So what has happened to encourage and in some cases force a re-assessment of the role of fulfilment within the supply chain?
For some companies the need to protect margin is critical, as they face the twin pressures of retailer demands to cut prices and cheaper imports. Whilst looking to maintain their retail presence and support their major customers, going direct to the consumer is an attractive way of improving margin but only if the cost of distribution can be strictly controlled.
For most suppliers however, the real driver is the increasing penetration of e-shopping. As the Sunday Times reported recently, online sales over Christmas reached 2.5Bn a 70% increase over the previous year. Online purchases now account for some 7% of total UK retail sales, according to the trade body for on-line retailing, IMRG, with sales across the broadest possible spectrum of consumer products.
Companies maintaining a traditional supply chain model therefore can no longer ignore such a valuable new route to market especially as, in most cases, they will be operating in highly competitive markets in which fierce battles are fought over market share movements of fractions of 1%.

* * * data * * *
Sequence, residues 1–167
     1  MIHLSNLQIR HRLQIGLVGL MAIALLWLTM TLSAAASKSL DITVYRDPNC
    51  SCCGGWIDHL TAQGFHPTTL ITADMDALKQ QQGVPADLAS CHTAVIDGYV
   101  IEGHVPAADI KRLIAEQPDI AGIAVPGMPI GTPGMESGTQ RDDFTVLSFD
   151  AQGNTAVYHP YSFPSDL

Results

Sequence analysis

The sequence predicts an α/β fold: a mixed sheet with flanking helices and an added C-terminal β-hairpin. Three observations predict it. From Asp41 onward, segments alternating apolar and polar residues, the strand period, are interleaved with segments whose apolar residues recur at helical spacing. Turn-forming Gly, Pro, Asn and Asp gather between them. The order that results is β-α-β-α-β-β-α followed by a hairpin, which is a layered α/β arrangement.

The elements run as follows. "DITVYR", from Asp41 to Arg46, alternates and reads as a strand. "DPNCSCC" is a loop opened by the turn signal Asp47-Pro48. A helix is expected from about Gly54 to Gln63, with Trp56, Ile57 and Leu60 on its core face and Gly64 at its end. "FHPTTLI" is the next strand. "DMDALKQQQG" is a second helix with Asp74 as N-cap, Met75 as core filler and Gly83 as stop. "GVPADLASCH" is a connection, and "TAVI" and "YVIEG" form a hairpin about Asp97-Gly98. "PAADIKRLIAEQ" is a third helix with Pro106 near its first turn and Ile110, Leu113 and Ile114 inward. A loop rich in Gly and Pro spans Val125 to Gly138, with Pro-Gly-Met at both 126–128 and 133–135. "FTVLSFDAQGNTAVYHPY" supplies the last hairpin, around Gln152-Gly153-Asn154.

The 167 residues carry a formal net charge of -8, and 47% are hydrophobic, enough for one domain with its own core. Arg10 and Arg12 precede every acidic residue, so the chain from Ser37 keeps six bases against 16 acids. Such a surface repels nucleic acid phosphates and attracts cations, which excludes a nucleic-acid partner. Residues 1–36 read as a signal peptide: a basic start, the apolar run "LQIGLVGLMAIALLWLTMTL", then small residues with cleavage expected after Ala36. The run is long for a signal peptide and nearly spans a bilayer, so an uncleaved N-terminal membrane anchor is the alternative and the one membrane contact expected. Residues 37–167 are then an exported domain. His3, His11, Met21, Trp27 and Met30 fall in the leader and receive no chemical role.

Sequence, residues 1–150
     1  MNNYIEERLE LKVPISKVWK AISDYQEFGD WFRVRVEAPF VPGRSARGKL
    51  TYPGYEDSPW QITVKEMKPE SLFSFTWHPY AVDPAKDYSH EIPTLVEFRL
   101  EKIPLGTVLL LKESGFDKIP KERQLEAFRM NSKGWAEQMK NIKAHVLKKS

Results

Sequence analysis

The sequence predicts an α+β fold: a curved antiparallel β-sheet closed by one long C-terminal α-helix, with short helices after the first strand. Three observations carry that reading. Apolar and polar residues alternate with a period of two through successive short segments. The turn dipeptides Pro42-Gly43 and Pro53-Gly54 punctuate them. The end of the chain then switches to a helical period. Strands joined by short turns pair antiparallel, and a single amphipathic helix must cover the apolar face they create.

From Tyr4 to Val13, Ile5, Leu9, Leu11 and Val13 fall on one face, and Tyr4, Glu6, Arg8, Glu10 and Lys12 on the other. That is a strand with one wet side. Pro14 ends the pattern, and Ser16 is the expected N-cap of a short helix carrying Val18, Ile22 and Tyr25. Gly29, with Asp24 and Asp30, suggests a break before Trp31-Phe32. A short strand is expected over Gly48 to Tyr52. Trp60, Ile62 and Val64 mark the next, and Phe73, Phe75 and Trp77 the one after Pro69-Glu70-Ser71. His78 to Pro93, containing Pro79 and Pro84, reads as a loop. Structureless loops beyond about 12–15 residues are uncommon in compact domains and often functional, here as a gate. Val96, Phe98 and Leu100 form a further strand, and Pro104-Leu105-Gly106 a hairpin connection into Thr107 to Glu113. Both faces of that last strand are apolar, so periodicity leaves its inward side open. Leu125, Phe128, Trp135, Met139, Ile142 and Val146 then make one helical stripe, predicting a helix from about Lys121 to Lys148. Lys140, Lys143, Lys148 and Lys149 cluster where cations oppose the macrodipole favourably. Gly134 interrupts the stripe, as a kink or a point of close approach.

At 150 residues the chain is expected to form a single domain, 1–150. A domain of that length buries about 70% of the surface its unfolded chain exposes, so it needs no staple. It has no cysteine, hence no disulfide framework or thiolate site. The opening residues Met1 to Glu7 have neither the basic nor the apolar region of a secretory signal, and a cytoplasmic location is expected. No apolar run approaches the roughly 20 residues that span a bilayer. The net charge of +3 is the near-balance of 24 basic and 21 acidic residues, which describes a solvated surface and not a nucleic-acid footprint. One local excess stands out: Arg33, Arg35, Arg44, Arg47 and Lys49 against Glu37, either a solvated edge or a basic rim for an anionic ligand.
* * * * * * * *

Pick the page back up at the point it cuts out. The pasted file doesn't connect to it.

A traditional manufacturer supplying through retail may well recognise the importance of this fast-emerging alternative route to market but still baulk at the significant investment required to support the new channel. Though e-commerce can no longer be ignored, the costs of managing parallel processes effectively may be seen as just too costly and difficult.
For such businesses, third-party providers now offer an attractive alternative, enabling them to maintain existing distribution channels and access the fulfilment needed to trade effectively in the new marketplace, using a single supplier. Distribution specialists, for example, have tackled head-on the issues around the integration of logistics and fulfilment within the supply chain and so are able not only to plug gaps in a vendors existing system but also act as a single source in meeting all their supply chain needs.
Yet with all the complex issues around managing both established logistics and fulfilment, and ensuring that entry into new e-markets fully meets the particular demands of both B2B and B2C customers, what kind of issues should be considered in selecting such a partner?